Underdiagnosed Foot and Ankle Injuries May Lead to Long-term Disabilitysrortho
Dr. Mark Schakel of Santa Rosa Orthopaedics discusses the importance of treating foot and ankle injuries as highlighted by recent AOA study.
A clinical review just published by the American Osteopathic Association advises that misdiagnosed injuries of the foot and ankle can very well lead to arthritis, chronic pain and long term disability – all symptoms that can be avoided when injuries are properly diagnosed and treated at the outset. The study highlights the necessity of involving orthopaedic specialists to determine the severity of an injury that might otherwise be missed by frontline healthcare providers.
Highlights from the study
Published in the February edition of the Journal of the American Osteopathic Association, the study by orthopedic surgeons advises caution and urges the use of additional imaging and second opinions when dealing specifically with six common foot and ankle injuries generally associated with snowboarding. They suggest that frontline healthcare providers seek opinions from an orthopaedic surgeon as misdiagnosis often results in poor long-term patient outcomes, including arthritis and disability.
“This is an important point for emergency room physicians to consider,” says Mark Schakel, M.D. orthopaedic surgeon, director of the Santa Rosa Orthopaedic Foot & Ankle Program as well as Santa Rosa Memorial Hospital’s Foot and Ankle Trauma Services director. “When you’re dealing with foot and ankle injuries where symptoms can be misleading and diagnosis difficult to nail down, it’s important to go the extra mile and get a second opinion. Misdiagnosis of these types of injuries can have unfortunate consequences for the patient.”
The clinical review presented by the American Osteopathic Association outlined subtleties that complicate identification and treatment specifically of snowboarder’s fracture (lateral talar process fractures) as well as os trigonum injuries, Lisfranc injuries, turf toe, navicular stress fractures and syndesmotic injuries.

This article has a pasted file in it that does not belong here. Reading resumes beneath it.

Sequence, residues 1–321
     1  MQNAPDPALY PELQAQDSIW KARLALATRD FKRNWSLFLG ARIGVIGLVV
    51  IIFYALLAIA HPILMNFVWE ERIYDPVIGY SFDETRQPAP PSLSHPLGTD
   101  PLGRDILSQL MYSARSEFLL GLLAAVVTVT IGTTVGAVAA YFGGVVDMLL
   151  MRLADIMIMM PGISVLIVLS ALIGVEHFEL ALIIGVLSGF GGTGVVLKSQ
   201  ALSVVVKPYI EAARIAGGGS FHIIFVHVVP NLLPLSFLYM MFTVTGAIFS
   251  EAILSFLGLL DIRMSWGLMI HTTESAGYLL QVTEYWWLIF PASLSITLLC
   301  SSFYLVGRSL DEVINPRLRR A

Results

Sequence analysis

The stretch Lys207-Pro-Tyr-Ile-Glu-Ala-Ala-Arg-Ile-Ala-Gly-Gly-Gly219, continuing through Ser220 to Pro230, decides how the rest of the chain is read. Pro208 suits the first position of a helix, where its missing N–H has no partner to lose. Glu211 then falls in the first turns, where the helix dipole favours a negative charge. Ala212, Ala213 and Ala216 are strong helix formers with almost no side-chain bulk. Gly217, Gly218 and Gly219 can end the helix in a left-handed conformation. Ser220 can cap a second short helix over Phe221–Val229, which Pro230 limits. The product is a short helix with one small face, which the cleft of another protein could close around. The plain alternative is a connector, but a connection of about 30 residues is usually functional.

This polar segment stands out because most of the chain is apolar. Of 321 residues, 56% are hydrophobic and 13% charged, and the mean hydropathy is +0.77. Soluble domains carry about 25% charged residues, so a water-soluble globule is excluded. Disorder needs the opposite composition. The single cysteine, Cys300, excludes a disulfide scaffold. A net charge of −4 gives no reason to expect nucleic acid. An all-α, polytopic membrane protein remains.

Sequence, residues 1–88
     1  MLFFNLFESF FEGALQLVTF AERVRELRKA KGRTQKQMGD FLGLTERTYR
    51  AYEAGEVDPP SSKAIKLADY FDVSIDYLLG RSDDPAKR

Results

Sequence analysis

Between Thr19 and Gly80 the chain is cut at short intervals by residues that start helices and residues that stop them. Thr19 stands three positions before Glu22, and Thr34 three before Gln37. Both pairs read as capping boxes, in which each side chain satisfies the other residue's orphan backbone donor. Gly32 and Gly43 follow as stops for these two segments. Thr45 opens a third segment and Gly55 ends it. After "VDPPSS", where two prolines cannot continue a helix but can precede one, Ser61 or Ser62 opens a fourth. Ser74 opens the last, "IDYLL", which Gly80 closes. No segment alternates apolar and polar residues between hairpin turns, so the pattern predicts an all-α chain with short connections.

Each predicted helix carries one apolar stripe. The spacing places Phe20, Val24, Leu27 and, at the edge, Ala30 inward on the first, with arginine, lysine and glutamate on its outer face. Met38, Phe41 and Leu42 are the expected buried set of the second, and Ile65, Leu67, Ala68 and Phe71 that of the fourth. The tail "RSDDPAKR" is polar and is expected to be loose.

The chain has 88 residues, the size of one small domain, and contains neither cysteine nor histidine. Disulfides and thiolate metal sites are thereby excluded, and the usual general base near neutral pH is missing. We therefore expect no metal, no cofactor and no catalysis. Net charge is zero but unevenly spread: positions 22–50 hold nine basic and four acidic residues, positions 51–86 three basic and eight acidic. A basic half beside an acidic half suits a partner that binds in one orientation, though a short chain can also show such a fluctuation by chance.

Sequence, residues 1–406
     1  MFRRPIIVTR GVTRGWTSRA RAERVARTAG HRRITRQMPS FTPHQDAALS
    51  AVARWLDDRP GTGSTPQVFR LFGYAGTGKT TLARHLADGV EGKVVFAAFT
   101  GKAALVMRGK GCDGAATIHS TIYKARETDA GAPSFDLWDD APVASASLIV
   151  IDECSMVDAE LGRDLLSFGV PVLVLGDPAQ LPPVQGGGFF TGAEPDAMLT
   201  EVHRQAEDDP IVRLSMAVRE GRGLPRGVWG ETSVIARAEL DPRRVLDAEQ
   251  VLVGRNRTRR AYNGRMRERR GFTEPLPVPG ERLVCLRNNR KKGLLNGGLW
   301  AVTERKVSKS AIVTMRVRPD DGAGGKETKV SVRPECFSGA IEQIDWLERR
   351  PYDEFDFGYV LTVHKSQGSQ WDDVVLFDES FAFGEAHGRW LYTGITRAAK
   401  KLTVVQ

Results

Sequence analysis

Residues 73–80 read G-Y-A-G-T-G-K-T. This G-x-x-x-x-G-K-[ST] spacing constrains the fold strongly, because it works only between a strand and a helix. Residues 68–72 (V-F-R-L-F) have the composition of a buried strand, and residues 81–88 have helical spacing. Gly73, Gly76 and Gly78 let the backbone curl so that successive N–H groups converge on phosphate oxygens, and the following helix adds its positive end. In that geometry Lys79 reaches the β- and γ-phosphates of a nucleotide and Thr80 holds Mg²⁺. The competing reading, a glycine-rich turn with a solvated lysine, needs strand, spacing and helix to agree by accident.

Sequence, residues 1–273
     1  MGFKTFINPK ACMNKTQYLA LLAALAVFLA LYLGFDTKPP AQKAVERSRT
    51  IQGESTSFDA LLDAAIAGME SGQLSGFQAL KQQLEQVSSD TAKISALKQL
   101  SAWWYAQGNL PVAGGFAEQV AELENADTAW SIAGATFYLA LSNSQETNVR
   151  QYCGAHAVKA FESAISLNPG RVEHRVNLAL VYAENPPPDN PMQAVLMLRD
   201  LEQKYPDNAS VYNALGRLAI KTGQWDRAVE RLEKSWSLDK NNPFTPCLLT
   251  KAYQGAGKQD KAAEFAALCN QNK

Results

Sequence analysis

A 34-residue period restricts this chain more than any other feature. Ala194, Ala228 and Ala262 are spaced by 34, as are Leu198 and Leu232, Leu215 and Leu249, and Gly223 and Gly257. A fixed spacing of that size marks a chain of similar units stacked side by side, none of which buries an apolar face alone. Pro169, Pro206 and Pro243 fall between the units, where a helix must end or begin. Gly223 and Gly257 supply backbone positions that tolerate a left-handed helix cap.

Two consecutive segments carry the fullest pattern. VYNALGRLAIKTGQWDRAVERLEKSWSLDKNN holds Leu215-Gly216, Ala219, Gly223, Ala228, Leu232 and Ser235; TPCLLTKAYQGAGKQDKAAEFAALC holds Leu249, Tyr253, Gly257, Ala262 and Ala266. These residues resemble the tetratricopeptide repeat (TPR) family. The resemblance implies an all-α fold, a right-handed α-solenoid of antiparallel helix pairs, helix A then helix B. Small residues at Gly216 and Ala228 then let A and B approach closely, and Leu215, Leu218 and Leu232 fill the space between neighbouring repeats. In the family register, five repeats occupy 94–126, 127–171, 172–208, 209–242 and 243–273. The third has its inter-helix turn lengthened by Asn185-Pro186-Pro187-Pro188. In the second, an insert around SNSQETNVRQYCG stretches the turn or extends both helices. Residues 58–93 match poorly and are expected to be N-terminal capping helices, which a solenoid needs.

Foot and ankle injuries are more common than one might think
Each year more than 3 million emergency room visits are related to common foot and ankle injuries in the U.S. They are common in people from all lifestyles including top-performing athletes as well as the more inactive among us. Statistics indicate that as many as 75 percent of Americans will experience some type of foot problem in their lifetime while about two million people are treated by orthopaedists for ankle injuries alone. No matter what the cause, injuries of the foot and/or ankle that are not accurately diagnosed or are improperly treated can lead to significant functional disability. This may affect quality of life and in some cases, impact one’s ability to accomplish everyday tasks.
Analysists of the study noted that injuries related to untreated snowboarder’s fractures are often associated with future arthritis, and severe pain and disability appearing years after the injury. “Improper treatment of foot and ankle traumas are commonly known to result in compensation injuries and cause other issues including tendinitis and recurrent ankle sprains,” explains Dr. Schakel. “Although some foot and ankle injuries require surgical intervention, in most cases they can be remedied with treatments including medication, immobilizing foot, applying ice and of course rest followed by physical therapy.”
About SRO’s Foot and Ankle Program
SRO’s Orthopaedic Foot and Ankle Program provides state-of-the-art care for all types of problems related to the foot and ankle. This includes, but is not limited to, trauma of the foot and post-traumatic reconstruction of the foot and ankle, foot deformities related to neuromuscular, arthritic and congenital conditions, tendon injuries of the hind foot and ankle, sports-related injuries and foot complications of diabetes mellitus.
The medical team at SRO’s Foot and Ankle program emphasizes the importance of a comprehensive evaluation to develop a proper diagnosis. Following diagnosis, the team implements the latest treatments and surgical techniques to restore function and relieve pain. To learn more visit the SRO website or call 707-546-1922.